This month, I took a big venture and accepted the opportunity of a lifetime. With just three weeks to plan, I decided to travel solo to NEW YORK CITY for an affordable, future-related offer I could not resist (more details on that, in an upcoming post). I’ll admit, in the busy weeks leading up to the trip, I was entirely stressed and freaked out. I booked my flights from LA at 1am, anxious. I’d always wanted to visit the Big Apple, but I knew this surprise business trip would be the deciding factor if I could see myself actually living in the city sometime in my 20’s or not. Obvs I had to make it big, and attempt to do/see as much as possible in the single week I’d be there.
I got disastrously sick in the days leading up to my departure, and life. kept. happening. By the time I arrived in Manhattan at the end of March, I was exhausted and without a plan. I found myself at the nearest Starbucks by the place I was staying, luggage in hand, trying to understand NYC’s web of subways and figure out what to do on the precious few days I had off.
Sandra, my super rad girlfriend from college whom I stayed with in the evenings, gave me some travel tips to work around my busy schedule, and explained the basics of transportation. Suddenly, I had the whole city at my feet (literally).
The thing with traveling alone is, you have to be open to everything. Every experience, every darkened subway stop, every random eatery or bar in weird neighborhoods… I’m not saying to try everything, because I certainly didn’t. But be open to the spontaneity of it all. No one is guiding you but your own two feet (and perhaps the Internet; ALWAYS have access to the Internet). Be okay with being alone. It might feel lonely at first (and you get a lot of weird looks, wandering around by yourself), but there is something undeniably wonderful about the independence, especially when you’re as sheltered as I am. So, with my feet flying and Google Maps to guide me, I took a leap of faith.
After a week, here are few places I stumbled upon:
(And those were just the highlights.)
Most of these stops were spontaneous, squeezed in between classes and networking events, with just two and a half days I had completely free before my afternoon flight home. Without an official itinerary or agenda, I was able to experience at least four main parks, four fancy restaurants, three trendy bars in trendy neighborhoods, three islands (Ellis and Liberty, and yes, Manhattan is an island), two schools (CUNY and NYU), two museums, two churches, two Broadway shows, and one gorgeous NYC view (on top of the Rockefeller Center! Go early in the morning when it’s practically empty). And I somehow accomplished all of this in a week.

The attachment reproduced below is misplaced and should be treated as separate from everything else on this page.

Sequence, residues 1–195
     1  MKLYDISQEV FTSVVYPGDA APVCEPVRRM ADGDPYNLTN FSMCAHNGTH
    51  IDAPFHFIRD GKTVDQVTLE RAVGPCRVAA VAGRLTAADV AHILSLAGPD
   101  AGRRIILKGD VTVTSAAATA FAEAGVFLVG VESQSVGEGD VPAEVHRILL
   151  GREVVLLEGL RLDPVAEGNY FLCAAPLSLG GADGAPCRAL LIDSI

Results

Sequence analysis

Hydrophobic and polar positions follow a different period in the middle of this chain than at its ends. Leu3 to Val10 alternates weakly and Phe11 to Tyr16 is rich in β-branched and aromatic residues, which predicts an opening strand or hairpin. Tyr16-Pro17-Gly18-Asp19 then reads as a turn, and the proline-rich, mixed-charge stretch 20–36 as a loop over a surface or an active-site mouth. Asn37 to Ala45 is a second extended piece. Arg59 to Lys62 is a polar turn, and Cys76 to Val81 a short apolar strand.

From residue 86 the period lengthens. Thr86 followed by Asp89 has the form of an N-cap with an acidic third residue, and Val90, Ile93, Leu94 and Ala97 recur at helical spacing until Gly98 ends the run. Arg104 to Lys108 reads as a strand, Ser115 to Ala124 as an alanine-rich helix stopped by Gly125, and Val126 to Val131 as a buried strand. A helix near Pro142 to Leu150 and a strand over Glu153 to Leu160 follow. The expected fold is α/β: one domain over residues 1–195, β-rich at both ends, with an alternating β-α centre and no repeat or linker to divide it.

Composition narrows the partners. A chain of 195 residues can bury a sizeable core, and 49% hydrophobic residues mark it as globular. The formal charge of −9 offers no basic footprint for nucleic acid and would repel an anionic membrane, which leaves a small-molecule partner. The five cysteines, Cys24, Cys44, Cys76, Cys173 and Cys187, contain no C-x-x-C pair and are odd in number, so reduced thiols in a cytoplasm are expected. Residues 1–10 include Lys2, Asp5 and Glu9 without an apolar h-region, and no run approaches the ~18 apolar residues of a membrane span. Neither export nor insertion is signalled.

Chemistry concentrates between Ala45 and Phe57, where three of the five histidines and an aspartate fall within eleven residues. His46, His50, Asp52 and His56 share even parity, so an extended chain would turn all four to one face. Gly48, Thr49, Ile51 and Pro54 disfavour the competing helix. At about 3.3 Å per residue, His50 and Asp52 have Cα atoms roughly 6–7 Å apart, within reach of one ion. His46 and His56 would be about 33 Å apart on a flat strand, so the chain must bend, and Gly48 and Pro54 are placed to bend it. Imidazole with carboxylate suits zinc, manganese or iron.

(Do I know yet if I’m going to live there? We shall see 😉
If you’re not yet convinced, there are many benefits and reasons to exploring solo, including:
Even if you have a busy schedule or places you want to see, being solo means being flexible. You’re able to make your own decisions, wander onwards, and literally stumble upon places without relying on others’ decisions/opinions or having to change course. For my two totally free days, I made it a point to visit at least TWO big sights on my list, and explored between stops (plus navigating the subway, or randomly going somewhere nearby) that were close in distance. I didn’t have to worry about being late somewhere or anyone else’s agenda; I was able to take my time and fully be immersed.
You meet people.
Especially when traveling in big cities, you either purposely stand out, or fit in. You get to meet the most interesting people in your solo travels; people who will genuinely help you, families with their parade of kids, millennials also traveling solo and living in the moment. And in a place like the Big Apple, it’s easy to get lost and caught up in the rush, but as long as you can read basic signs and are street-smart, communicating isn’t bad. Taxi/Uber drivers were not big jerks like everyone thinks, and the locals (building doormen, city students, longtime New Yorkers) are generally willing to point you in the right direction. Ask nicely, be friendly, and they won’t judge you. Just don’t ask them to take your pictures–the other billions of tourists around will do that! (Pro-photo tip: Always ask the guy with the HUGE DSLR CAMERA around his neck.)
I sort of touched upon this earlier with flexibility, but being on your own also requires you to think, act, and make quick decisions on your own. When suddenly thrown into the deep end, you’ve got no other choice but to swallow your fears and figure it all out. (Pro-NYC subway tip: Know your stop before you board, especially the difference between “uptown” and “downtown.”) I struggle with this a lot in my own life and at home, but when traveling solo I felt my instincts kick in, and I’ve had plenty of city commuter experience before. Survival mode can take you to the craziest (and most wonderful) of places: be prepared for pleasant surprises along the way.
They say travel is about “getting lost and finding yourself.” The truth is, finding yourself is an ongoing journey. It takes trial and error, rejection, and plenty of mistakes that will occur along the way–but it also takes courage, strength, and willingness to persevere. It takes work and being open: openness to experiences good and bad, and to getting “lost” on occasion. But above all things, it takes courage. You don’t have to be the strongest, most expert person to travel alone, and you don’t have to know everybody along the way. (Sure it helps, but so does simply talking to people! Like I said, the right people will help you.) Stepping out of your comfort zone and into the unknown is scary, and it might feel a little like drowning. But with faith, the right mindset, network of support, and a map or general plan to guide you, you can get lost anywhere and find yourself along the way. It’s all about taking that first step.
To a lifetime of endeavors and adventures,